List of Top 5 Bioprinting Companies:

  • Organovo: The highly renowned tissue engineering company is Organovo, headquartered in San Diego. Organovo has been actively engaged in the development of a range of human tissues for medical research and drug discovery purposes. Their portfolio includes both normal tissues and meticulously designed disease models. Furthermore, they are dedicated to the advancement of specific tissues for clinical patient care. In 2014, the company achieved successful printing of liver tissue that functioned as a real liver for weeks. Furthermore, in 2015, the company utilized its 3D bioprinter to generate fully functional human kidney tubular tissues.
  • Cellink: Cellink, a US-based company, specializes in the development of bioprinters and bioprinting materials. These cutting-edge technologies provide researchers and healthcare providers with ready-to-print or use models, enabling advancements in 3D cell culture, personalized medicine, and enhanced therapeutics. By utilizing this disruptive technology, Cellink is able to print various tissues, including liver, cartilage, skin, and even fully functional cancer tumors. This opens up new possibilities for the development of innovative cancer treatment.
  • Aspect Biosystems: Aspect Biosystems is a Canadian biotechnology company that focuses on developing bioprinted tissue therapeutics. These innovative tissues are designed to replace, repair, or enhance biological functions in the body, offering new possibilities for the treatment of currently incurable diseases.
  • Cyfuse Biomedical: Cyfuse Biomedical is a Japanese bioprinting company. The company is involved in the development of pipelines to obtain regulatory approval for regenerative medicine products and contract research cell products in the field of regenerative medicine. The objective of Cyfuse is to facilitate the practical implementation of "3D cellular products" using Bio 3D Printing technology, thereby providing novel treatment options to patients that were previously unavailable. Cyfuse specializes in a unique tissue fabrication process that eliminates the need for scaffolds like polymers or collagen, resulting in faster and more efficient tissue generation.
  • TeVido Biodevices: The Austin-based bioprinting company offers a source of hope for breast cancer survivors, ensuring that they can maintain their sense of femininity even after undergoing serious surgeries. The name TeVido originates from the combination of two Spanish words: tejido (tissue) and vida (life). They utilize 3D printers for a range of reconstructive and cosmetic procedures. Their treatments encompass autologous cell therapy for vitiligo patients as well as nipple reconstruction for breast cancer survivors. By incorporating the patient's own pigment-producing cells (melanocytes) and tissues during the printing process, they aim to minimize the risk of rejection and enhance the patients' quality of life.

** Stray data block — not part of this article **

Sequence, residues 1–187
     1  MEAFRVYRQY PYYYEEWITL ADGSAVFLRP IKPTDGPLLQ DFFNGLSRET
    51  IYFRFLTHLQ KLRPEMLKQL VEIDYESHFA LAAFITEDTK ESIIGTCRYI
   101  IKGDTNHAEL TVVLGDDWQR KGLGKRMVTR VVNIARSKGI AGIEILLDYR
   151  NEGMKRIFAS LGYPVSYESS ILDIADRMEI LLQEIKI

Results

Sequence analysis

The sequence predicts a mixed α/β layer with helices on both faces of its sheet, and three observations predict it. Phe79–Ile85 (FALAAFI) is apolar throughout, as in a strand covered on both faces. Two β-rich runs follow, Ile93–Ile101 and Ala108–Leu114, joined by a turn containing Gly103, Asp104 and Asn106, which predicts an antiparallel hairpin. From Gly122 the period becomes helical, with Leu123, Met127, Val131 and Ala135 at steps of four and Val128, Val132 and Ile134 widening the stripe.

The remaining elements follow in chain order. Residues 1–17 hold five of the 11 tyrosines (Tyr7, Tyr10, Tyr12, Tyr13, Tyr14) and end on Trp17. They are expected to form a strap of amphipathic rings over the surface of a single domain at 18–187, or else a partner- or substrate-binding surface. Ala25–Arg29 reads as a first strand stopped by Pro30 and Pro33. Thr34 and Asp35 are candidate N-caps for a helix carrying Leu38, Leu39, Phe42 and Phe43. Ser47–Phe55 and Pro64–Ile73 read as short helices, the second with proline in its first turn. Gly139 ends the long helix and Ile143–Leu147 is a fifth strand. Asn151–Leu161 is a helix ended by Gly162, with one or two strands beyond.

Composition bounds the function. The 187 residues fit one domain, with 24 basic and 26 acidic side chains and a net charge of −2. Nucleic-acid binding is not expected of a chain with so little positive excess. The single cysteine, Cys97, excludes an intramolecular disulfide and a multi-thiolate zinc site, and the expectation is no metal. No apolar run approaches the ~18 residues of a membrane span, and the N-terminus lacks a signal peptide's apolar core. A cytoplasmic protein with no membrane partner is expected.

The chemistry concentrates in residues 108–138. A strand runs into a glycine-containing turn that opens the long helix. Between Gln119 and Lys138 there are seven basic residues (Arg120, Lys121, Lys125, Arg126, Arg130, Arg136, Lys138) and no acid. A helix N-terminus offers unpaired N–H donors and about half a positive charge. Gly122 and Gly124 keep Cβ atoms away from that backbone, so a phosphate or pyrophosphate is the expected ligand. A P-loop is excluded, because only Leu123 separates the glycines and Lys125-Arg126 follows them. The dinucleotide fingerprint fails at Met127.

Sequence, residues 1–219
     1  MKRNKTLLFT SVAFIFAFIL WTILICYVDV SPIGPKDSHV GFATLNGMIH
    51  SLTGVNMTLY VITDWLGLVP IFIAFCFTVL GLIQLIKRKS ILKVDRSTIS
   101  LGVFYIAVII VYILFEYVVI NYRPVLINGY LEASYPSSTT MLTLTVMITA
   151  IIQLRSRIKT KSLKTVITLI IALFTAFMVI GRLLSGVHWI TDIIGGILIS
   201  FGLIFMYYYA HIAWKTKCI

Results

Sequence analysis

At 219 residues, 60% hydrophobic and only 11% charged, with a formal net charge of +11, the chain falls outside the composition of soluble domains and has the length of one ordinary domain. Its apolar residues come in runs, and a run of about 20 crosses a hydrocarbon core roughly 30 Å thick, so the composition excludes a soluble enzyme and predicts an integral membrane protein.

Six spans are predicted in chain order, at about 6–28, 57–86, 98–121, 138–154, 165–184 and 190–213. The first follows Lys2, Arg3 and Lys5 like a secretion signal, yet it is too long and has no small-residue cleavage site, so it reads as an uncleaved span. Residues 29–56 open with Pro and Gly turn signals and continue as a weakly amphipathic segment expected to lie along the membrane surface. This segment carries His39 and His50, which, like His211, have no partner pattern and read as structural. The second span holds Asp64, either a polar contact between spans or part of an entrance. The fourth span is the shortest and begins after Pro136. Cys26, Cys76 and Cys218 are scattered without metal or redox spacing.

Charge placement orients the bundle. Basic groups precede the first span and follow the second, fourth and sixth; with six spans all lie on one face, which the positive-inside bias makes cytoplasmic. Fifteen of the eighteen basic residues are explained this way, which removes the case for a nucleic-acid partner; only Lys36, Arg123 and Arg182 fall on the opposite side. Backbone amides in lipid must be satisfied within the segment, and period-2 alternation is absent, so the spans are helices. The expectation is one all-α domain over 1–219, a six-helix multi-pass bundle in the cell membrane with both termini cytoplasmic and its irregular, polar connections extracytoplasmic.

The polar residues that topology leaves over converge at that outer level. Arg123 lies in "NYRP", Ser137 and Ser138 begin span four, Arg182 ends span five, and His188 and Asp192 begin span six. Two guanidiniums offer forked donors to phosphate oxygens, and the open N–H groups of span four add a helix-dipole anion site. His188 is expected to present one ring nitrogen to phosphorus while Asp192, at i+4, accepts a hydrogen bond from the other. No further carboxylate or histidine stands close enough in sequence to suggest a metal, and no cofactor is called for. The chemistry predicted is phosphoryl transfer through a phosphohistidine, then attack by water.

Organ-on-a-chip is a chip that contains human cells and mimics the functions of a specific organ. The goal is to develop a system that mimics the functions of the entire human body on a chip. The technology has the potential to reduce the need for animal testing, as researchers can test drugs on the chip and see how it affects the human organs. The chip is made up of tiny channels that allow the cells to flow and interact with each other like they would in a human organ. Scientists can manipulate the microenvironment surrounding the cells to mimic the conditions of the organ. The beauty of Organ-on-a-Chip is that it is highly customizable. Different organs can be modeled by adjusting the shape and fluid flow of the channels. For instance, a liver model can be made by shaping the channels to resemble the liver’s bile ducts and blood vessels.

OoCs utilize advanced in vitro technology to facilitate experimentation with biological cells and tissues outside of the body. This is accomplished by confining them within specially conditioned vessels that mimic the in-vivo environment in terms of biochemistry and physics. Operating at the microscale provides a distinct opportunity to exert precise control over the microenvironment, ensuring tissue viability and enabling direct observation of cell and tissue dynamics.

Major players in the organ-on-chip market:

  • Altis Biosystems: Altis Biosystems has been at the forefront of developing Repligut Systems, a series of in vitro models derived from stem cells. These models are meticulously designed for pre-clinical drug discovery, aiming to replicate the intricate structure of the human small intestine and colonic epithelium. The user-friendly format further enhances their accessibility.
  • AxoSim Inc.: AxoSim Inc. is a pioneering force in the advancement and implementation of a state-of-the-art biomimetic human drug discovery platform. The company is focused on the rapid expansion of its platform's applications to effectively tackle the increasing challenges posed by neurodegenerative diseases. In October 2023, AxoSim successfully acquired Stemonix's microBrain technology and its associated assets.